Sacco-Vanzetti: The Murder and the Myth

By Robert H. Montgomery | Go to book overview

4
VANZETTI DID NOT TAKE THE STAND AT PLYMOUTH

IN THE Plymouth trial, Vanzetti did not take the stand. This was his right, and the jury was told that they must not infer guilt from his failure to testify. This counsel of perfection the jury may have followed -- the Commonwealth's case was strong enough and the defense weak enough to justify the verdict without benefit of the inference -- but it is surely common sense for us to infer that a defendant who does not take the stand in his own behalf has no confidence in his innocence.

At the conclusion of the Commonwealth's case, several witnesses had identified Vanzetti as the man with the shotgun. It is inconceivable that an innocent defendant would not have gone on the stand and denied that testimony.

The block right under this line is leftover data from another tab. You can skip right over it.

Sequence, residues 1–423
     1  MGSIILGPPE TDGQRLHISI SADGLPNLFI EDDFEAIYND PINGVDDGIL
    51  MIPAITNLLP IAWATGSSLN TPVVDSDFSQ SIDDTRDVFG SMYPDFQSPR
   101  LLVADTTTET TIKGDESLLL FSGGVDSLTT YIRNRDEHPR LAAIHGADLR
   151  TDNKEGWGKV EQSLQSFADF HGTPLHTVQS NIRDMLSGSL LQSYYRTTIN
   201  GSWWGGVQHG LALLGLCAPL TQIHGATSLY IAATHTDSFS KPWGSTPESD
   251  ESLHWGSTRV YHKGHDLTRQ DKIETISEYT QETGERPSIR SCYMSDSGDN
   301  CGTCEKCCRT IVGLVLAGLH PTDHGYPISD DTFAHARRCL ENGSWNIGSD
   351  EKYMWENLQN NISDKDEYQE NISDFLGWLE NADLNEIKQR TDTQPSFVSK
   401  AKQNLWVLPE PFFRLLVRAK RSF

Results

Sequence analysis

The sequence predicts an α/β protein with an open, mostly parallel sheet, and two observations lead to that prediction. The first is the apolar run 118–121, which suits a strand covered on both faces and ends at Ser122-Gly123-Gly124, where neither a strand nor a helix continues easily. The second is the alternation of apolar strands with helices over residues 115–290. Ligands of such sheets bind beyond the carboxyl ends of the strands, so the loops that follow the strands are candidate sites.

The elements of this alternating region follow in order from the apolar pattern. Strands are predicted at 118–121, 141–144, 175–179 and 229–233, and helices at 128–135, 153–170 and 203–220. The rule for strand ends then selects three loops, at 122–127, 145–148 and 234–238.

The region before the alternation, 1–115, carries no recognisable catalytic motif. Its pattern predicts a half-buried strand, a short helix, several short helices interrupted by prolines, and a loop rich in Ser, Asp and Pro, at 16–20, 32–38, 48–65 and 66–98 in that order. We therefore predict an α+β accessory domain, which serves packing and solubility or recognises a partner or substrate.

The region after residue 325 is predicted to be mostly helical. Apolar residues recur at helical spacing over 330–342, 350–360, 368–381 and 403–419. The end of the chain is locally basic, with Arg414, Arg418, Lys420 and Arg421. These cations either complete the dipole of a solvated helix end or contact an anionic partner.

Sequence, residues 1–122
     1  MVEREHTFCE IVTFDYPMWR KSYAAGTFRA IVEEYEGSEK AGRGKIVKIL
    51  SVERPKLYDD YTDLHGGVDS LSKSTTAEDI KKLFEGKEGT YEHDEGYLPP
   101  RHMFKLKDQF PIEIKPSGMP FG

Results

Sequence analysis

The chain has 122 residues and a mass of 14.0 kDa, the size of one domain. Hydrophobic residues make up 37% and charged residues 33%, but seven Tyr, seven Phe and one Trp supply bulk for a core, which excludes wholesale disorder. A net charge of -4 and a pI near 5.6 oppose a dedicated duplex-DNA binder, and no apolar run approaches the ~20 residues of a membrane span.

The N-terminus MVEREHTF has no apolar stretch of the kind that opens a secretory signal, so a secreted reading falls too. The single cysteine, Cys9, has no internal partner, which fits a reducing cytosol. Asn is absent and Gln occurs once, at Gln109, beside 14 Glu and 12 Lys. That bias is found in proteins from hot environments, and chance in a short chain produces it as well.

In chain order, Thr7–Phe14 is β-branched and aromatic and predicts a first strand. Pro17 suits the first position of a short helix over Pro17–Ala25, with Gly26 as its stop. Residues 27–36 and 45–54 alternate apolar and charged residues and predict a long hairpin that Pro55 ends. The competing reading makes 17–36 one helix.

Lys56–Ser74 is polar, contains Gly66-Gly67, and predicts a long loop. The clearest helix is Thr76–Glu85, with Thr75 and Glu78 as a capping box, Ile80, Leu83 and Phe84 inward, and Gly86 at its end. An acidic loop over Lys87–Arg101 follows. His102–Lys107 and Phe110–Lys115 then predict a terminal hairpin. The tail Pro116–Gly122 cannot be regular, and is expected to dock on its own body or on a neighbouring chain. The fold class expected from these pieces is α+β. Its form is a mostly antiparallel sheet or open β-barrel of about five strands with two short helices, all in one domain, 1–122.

It also appeared that at the time of the arrest Vanzetti had in his possession four shotgun shells. An innocent defendant would have wanted to explain his possession of them. Frankfurter says that the innocent possession of them was accounted for at the Dedham trial. Why not at the Plymouth trial? Vanzetti knew then as well as later how they came into his possession.

Similarly, part of the case against the defendant was the consciousness of guilt to be inferred from Vanzetti's untruthful answers to Stewart during the questioning immediately after the arrest. The evidence clearly showed that some of the answers were untruthful. An innocent defendant would have wanted to explain why he had told these untruths.

-35-

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